Taiwan is an island off the coast of mainland China with one of the highest population densities in the world. Expats moving to Taiwan will notice that it's extremely mountainous, home to the tallest peak in northeast Asia, and has an abundance of nature reserves and hot springs.
Living in Taiwan as an expat
Taiwan has ultra-modern cities that still strongly uphold traditional Chinese culture while at the same time embracing a capitalist business culture that appeals to Western expats. As a result, many new arrivals find that the lifestyle in Taiwan is highly convenient as goods are easily accessible and both the public transport and healthcare are excellent.
Taiwan's main industries include electronics, industrial processing, and information and communications technologies. Expats looking to work in these industries should be highly qualified, as Taiwanese companies tend to employ qualified local workers. Due to this, expats looking to work in Taiwan tend to transfer to the country from within an international company. Otherwise, many young Westerners move to Taiwan to teach English.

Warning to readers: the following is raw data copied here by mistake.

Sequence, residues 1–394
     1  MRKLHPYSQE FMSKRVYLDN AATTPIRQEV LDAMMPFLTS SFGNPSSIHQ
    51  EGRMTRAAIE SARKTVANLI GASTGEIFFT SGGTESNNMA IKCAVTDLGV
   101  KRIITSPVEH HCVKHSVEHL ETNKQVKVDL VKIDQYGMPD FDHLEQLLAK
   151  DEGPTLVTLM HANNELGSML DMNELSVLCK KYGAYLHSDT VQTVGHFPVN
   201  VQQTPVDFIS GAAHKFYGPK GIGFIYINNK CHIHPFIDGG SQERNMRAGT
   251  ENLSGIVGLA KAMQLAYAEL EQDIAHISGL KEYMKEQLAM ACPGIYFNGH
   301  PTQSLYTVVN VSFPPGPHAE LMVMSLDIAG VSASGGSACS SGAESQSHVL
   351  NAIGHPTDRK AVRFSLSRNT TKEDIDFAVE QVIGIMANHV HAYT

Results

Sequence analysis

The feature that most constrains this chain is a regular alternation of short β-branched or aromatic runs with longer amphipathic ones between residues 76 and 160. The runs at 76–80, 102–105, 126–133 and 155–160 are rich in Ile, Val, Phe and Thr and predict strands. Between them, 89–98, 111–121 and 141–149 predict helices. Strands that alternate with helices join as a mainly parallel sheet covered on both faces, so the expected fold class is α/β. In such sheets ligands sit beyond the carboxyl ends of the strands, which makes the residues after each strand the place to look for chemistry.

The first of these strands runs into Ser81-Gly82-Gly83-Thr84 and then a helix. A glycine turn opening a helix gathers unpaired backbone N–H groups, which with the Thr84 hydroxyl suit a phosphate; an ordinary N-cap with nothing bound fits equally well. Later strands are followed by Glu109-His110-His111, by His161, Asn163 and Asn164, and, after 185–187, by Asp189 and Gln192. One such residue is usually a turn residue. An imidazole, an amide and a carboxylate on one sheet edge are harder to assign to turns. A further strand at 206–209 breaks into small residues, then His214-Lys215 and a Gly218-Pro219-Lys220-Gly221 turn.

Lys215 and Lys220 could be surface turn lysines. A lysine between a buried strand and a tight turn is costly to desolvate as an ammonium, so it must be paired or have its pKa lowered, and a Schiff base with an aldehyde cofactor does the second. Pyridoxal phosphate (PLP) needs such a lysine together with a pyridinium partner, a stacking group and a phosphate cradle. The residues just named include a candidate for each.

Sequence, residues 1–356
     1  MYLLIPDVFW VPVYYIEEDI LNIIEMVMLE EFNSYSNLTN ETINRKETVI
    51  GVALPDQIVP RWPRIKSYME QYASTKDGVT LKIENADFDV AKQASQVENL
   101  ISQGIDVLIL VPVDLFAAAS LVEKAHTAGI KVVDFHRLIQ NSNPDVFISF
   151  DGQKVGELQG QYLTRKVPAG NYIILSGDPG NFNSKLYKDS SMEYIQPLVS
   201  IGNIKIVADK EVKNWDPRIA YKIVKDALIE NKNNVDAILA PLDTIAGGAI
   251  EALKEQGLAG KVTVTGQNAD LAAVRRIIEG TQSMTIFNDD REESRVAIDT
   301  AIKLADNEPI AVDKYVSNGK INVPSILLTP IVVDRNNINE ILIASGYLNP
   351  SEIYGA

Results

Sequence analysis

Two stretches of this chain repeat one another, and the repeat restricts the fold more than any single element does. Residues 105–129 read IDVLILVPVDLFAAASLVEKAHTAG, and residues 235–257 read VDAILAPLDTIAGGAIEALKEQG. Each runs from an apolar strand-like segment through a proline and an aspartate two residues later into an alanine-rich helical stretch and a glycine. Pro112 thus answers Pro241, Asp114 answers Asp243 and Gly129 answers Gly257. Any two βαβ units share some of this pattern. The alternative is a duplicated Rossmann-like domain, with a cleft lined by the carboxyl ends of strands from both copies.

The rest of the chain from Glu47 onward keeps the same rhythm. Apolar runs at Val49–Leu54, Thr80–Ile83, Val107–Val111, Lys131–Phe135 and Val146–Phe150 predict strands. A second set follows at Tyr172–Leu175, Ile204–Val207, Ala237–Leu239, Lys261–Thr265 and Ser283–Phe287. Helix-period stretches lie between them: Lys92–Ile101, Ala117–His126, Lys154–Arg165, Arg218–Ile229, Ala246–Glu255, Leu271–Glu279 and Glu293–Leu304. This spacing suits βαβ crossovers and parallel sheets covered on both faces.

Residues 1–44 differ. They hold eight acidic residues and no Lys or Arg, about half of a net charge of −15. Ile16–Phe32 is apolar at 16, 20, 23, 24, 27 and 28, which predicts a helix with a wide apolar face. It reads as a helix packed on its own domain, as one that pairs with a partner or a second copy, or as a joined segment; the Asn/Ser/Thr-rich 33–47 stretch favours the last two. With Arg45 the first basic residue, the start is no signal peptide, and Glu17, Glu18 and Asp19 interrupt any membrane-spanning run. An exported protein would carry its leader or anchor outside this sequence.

Taiwanese are extremely friendly, helpful and gracious people. They will generally go out of their way to make visitors feel at ease. They pride themselves on being good hosts. Expats may find themselves asking a stranger for directions and end up being personally escorted and then being invited home for dinner. The language barrier is no obstacle to this hospitality and willingness to assist as many locals can speak English.
Cost of living in Taiwan
Although cheaper than many of its neighbours, the cost of living in Taiwan is generally high, with Taipei being by far the most costly city in the country. Accommodation, which mostly consists of apartment living, can be expensive.
That said, public transport is extremely affordable. Local goods and produce, and even eating out at local restaurants, is also cheap. Western goods come at a high cost and those that choose to shop locally will save money that they can therefore spend elsewhere.